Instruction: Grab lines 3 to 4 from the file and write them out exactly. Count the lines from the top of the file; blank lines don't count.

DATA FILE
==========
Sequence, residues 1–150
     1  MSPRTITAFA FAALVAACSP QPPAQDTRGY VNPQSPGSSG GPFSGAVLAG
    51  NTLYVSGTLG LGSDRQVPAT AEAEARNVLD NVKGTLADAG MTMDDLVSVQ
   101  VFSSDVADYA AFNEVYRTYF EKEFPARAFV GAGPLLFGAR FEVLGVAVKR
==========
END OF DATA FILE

    51  NTLYVSGTLG LGSDRQVPAT AEAEARNVLD NVKGTLADAG MTMDDLVSVQ
   101  VFSSDVADYA AFNEVYRTYF EKEFPARAFV GAGPLLFGAR FEVLGVAVKR